Кооператив: Muriranja Factory
Altitude: The factory is situated at approximately 1,750-1,800 m.a.s.l
Soil Type: The farmers benefits from deep red volcanic soils, rich in organic matter.
Varieties: The farmers grow SL 34 , SL 28, and Ruiru 11
Rainfall- Approx 1,200-1,500 mm per annum.
Muriranja Factory is located in Mugoiri location, Murang’a County.
Murang’a County is one of the five counties in the Central region of the Republic of Kenya. It is bordered to the North by Nyeri, to the South by Kiambu, to the West by Nyandarua and to the East by Kirinyaga, Embu and Machakos counties. Its largest town and capital is Murang’a.
Murang’a County is thought to be birthplace of the Kikuyu Community. Murang’a is also famed as the origin of the Mau Mau uprising.
Muriranja Factory is part of the Mugoiri Five Farmers Cooperative Society. Mugoiri 5 FCS comprises of Muriranja, Kiboi, Kahuro, Mirichu, Yamugwe, Rwaro and Kagaa among others. The FCS was established in the 1970s.
Muriranja Factory has around 500 members with around 180 ha under coffee. Muriranja produces around 90 MT of cherries annually.
The ripening of the cherry is closely monitored and when the time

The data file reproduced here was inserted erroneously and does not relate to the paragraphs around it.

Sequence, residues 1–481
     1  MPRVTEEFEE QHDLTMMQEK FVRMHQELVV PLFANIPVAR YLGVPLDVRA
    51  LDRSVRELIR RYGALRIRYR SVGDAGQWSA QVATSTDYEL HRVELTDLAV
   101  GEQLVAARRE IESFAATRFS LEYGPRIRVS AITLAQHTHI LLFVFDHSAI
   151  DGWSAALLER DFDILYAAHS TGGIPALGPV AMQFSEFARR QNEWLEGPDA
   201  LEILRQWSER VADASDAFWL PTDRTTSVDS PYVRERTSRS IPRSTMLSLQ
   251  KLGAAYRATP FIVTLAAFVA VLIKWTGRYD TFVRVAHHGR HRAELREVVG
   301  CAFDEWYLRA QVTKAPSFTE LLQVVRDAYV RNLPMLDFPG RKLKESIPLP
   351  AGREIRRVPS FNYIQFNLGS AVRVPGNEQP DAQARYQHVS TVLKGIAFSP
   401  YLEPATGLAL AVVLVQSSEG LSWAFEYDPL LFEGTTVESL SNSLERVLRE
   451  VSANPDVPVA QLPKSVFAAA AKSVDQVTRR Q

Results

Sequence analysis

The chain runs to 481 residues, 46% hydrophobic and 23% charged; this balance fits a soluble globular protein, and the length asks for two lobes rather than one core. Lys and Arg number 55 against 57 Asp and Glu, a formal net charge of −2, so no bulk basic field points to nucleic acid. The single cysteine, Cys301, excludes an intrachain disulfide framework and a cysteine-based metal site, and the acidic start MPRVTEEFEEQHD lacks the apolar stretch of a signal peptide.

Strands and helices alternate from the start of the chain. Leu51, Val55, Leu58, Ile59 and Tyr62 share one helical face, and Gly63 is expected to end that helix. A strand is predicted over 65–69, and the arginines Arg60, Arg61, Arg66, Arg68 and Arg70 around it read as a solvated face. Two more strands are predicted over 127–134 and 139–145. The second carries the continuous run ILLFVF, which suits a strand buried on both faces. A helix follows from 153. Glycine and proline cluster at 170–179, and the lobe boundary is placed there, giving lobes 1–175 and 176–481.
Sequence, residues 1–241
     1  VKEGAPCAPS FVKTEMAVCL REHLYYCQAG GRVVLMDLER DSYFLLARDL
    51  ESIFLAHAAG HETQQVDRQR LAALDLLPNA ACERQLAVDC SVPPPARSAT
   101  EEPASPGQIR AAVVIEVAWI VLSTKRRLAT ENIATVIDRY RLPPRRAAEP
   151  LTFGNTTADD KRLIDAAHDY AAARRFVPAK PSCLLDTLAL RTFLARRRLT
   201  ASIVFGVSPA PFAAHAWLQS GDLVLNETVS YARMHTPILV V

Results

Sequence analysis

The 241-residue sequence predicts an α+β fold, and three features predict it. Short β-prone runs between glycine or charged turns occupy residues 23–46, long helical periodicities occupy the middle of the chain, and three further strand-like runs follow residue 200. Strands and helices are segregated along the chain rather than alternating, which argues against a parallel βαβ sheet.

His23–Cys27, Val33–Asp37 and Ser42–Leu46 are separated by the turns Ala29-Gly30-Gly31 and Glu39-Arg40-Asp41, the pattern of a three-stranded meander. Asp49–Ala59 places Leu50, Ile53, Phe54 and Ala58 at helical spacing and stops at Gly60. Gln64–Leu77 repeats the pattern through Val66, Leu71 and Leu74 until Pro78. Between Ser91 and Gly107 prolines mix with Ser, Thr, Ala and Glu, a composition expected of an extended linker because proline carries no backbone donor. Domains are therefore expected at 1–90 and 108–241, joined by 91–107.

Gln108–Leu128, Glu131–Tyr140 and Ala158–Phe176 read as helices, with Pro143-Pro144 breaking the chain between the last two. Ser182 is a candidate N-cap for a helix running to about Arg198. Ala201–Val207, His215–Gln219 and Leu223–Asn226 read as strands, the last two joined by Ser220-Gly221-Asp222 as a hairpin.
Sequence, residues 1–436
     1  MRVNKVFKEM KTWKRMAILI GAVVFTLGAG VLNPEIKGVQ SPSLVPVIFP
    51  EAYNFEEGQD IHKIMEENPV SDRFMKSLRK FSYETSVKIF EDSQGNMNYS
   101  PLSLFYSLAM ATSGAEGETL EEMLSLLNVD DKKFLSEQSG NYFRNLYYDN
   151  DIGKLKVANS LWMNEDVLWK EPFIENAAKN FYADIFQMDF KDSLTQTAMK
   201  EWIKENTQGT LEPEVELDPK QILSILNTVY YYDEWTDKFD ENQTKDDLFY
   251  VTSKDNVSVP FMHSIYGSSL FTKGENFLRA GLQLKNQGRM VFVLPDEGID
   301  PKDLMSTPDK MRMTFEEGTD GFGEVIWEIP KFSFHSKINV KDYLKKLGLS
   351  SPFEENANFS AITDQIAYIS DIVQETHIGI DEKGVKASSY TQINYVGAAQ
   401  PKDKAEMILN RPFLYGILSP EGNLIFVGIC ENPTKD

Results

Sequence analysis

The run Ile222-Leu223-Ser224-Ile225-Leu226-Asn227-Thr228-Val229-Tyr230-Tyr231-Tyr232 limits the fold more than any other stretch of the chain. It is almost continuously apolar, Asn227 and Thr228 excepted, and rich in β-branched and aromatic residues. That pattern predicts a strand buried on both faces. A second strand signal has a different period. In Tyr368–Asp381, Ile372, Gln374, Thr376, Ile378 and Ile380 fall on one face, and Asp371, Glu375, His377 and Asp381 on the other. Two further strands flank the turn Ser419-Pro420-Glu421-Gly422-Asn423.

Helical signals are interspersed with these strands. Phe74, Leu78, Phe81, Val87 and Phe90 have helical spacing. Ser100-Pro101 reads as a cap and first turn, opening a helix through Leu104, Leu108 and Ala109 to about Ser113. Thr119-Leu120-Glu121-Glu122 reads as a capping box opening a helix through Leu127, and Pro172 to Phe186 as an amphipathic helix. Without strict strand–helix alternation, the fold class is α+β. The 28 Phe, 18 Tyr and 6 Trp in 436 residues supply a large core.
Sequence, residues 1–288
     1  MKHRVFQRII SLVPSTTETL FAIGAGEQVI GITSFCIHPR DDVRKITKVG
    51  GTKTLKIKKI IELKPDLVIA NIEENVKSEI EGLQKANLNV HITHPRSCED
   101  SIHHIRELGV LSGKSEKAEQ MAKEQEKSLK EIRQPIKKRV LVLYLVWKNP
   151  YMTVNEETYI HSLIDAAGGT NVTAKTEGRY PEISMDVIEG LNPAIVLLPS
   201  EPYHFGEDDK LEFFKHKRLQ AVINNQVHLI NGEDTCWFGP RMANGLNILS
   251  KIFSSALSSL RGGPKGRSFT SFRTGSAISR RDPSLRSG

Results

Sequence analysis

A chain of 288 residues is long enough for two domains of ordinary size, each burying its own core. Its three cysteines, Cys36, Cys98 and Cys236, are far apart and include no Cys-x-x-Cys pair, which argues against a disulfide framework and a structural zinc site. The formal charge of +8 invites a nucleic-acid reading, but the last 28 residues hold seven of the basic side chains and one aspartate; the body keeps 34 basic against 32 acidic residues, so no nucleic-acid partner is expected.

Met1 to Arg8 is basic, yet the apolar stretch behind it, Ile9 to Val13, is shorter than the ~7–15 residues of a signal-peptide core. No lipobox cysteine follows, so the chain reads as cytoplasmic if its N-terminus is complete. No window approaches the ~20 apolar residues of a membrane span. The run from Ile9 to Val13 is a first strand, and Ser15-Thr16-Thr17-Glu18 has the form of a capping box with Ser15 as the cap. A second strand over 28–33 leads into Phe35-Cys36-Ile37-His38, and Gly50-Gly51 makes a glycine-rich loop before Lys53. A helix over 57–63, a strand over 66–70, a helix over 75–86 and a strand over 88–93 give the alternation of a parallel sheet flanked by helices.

is right the red cherry is hand picked into buckets early in the morning and carried to the wet mill. The harvested cherries are splayed out on a patio at the wet mill in the afternoon light, with underipes, overipes and any foreign object being removed before the mass of round red cherries are tipped into the hopper above the pulping station. Clean water (wet processing) is drawn up and poured into the hopper on top of the heaped cherries, funneling them down through a polished chute into the pulping house where the outer fruit is removed between two rotating abrasive slabs. As the now exposed coffee beans tumble out of the pulper into a channel of water, the floating beans are skimmed off, and the sinking denser beans pass out through a hole in the bottom spilling into the fermentation tanks were they spend the night.
The next day the coffee is handled to see if the sticky sweet mucilage has broken down, leaving a rough parchment coating, once “the feel” of the coffee meets the wet mill manager’s approval, water will be poured into the tanks to thoroughly wash the beans. Once washed, the sluice gates are lifted allowing the coffee to spill out into the washing
channels, in here the coffee slides down the gently sloping tiled channel. Wooden shunts are used to repeatedly push the coffee by hand back to the top of the channel, this repeated action separates the denser beans as the lighter beans will race back to the bottom under the force of the gentle current, whilst the denser higher quality beans will idle there way slowly down. Sun drying of the parchment coffee on raised tables is done under careful supervision, the parchment coffee is covered up whenever there is sign of rain or the sun’s rays are too
harsh. The coffee is regularly checked for moisture and once it reaches the 10-12% target level, it will be bagged up for transport to the dry mill.
Harvest- The cooperative harvests its main harvest between Oct and Dec. Early crop is harvested in minimal quantities between April and July.